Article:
Missionaries and a Hindu State: Travancore, 1858-1936. (Reviews of Books)

By Irschick, Eugene F. | The Journal of the American Oriental Society, January-March 2002 | Go to article overview

Missionaries and a Hindu State: Travancore, 1858-1936. (Reviews of Books)


Irschick, Eugene F., The Journal of the American Oriental Society


Missionaries and a Hindu State: Travancore 1858-1936. By KOJI KAWASHIMA. Delhi: OXFORD UNIVERSITY PRESS, 1998. Pp. xi + 252. $26, Rs 540.

In this book, Koji Kawashima argues that missionaries and the state in Travancore worked together to reach interactively constructed educational and medical goals. His work also shows that these goals partly emerged "from below" as a way to construct the "population." He also Wants to show that Travancore became a site where Hindu rajadharma as a political ideal was articulated. If we were to formulate it more theoretically, Kawashima's work shows conclusively that in the nineteenth and twentieth centuries governmentality came to form the central preoccupation in the state and society of Travancore. In a sense, over the period of the nineteenth and twentieth centuries Travancore became more and more Hindu at the same time as it became more and more modern. In many ways, both these projects were aided by missionary work.

The book is divided into two. By far the major part of the book lies in chapters three, four, and live. These chapters concern the way in which the educational and medical projects between the missionaries and the state developed. The first two chapters set the stage for Kawashima's presentation. His last chapter deals with the way in which processes in Cochin, the neighboring state, did or did not reflect those in Travancore.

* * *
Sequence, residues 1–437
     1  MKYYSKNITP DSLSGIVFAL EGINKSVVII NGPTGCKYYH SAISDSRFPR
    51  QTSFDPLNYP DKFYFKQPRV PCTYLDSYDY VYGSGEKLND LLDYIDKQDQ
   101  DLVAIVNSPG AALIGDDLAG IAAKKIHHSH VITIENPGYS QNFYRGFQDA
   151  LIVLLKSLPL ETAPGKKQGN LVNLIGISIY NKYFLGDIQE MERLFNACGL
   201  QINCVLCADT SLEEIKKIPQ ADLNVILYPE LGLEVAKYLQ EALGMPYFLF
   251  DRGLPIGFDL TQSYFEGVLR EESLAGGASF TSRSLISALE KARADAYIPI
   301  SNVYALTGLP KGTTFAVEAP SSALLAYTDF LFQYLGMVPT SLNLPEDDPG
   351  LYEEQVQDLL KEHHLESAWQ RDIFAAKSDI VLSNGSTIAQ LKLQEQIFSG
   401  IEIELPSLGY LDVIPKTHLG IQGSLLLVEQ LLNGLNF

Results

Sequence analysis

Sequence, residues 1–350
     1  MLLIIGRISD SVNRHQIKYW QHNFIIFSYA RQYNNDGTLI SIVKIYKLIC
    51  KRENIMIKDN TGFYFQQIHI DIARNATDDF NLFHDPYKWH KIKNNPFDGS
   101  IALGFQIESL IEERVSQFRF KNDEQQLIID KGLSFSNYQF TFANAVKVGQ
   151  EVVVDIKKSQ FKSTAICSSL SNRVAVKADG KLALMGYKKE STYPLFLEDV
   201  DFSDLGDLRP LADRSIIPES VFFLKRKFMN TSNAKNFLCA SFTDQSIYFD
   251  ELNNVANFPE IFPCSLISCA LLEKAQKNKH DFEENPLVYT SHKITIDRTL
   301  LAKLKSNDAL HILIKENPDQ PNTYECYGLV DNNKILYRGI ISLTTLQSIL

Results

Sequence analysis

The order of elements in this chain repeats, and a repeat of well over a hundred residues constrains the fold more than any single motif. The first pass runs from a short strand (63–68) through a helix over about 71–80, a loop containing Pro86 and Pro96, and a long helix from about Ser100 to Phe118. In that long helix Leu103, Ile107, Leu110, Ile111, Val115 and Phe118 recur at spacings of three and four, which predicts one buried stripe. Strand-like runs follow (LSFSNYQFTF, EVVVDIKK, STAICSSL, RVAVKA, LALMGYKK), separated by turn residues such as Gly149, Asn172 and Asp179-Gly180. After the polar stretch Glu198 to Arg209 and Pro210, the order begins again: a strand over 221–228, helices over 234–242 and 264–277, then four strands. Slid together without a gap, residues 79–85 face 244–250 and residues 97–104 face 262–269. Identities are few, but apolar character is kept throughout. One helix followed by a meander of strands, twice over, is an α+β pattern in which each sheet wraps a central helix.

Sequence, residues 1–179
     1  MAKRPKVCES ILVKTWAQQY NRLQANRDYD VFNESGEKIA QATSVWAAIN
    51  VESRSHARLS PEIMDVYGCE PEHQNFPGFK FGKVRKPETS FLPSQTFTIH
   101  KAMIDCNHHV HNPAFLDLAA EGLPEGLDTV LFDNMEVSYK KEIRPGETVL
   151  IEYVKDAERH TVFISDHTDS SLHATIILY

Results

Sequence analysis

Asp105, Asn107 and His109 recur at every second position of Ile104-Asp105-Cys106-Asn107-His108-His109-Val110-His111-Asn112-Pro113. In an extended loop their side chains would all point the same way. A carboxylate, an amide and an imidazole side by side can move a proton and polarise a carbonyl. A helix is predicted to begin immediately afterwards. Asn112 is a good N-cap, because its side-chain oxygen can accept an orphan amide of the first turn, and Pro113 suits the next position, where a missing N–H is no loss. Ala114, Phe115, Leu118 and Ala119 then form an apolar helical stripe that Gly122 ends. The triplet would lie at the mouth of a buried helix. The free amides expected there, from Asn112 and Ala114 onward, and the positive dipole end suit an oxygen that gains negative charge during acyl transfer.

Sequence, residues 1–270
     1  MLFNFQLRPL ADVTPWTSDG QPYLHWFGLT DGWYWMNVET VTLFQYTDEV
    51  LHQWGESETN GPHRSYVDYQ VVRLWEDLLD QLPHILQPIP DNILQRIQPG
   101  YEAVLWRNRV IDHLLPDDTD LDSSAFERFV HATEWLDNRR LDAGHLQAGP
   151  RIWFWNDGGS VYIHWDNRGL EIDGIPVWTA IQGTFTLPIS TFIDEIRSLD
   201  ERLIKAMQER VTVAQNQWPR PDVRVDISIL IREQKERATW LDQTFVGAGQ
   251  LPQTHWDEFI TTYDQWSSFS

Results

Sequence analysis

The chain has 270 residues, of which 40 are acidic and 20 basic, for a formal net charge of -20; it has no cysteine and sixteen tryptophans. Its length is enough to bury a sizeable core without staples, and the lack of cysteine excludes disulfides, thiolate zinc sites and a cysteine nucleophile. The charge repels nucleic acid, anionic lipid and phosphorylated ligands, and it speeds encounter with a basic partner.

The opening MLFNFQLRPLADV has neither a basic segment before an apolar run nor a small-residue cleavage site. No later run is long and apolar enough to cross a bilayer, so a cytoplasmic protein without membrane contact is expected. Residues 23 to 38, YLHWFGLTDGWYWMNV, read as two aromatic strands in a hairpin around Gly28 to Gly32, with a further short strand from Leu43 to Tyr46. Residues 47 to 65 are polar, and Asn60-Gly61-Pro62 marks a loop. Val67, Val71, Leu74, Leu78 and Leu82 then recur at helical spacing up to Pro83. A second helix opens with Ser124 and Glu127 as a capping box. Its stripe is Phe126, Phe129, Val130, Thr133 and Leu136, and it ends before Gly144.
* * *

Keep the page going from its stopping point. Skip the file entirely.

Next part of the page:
Though Travancore was a "Hindu State" in the early part of the nineteenth century, missionaries there were permitted to provide Christian religious instruction during school hours. It became apparent that many non-Hindus exposed to this teaching relished the material and mastered it much better than did the Christians. In the beginning, missionary English schools were used to train bureaucrats for the state, but students gradually abandoned missionary schools to get a Malayalam education in state schools. Much missionary energy was devoted to educating the lower castes, an unstated contract on which the state came to depend. Women's education later came to be important for the missionary enterprise. State education sought to inculcate a good sense of Travancore's history, geography, and role as a Hindu state.

During the last years of the nineteenth century, members of the lower castes (Ezhavas, Parayas, and Pulayas) began to express an interest in getting access to the state educational system. These desires were accompanied by the growth of voluntary organizations, which sought to raise the political and social position of these groups. By far the most famous of these was the SNYDP Yogam that sought to articulate the need for Ezhava revival. But there were several others. As a consequence of these agitations, Travancore State announced in 1904 that it would bear the entire cost of the primary education of all of these lower castes. In the decade between 1910 and 1920 the number of students in state schools increased very greatly. But, in the years after World War I a crisis developed in the state because many of the lower caste members threatened to leave the Hindu fold. …

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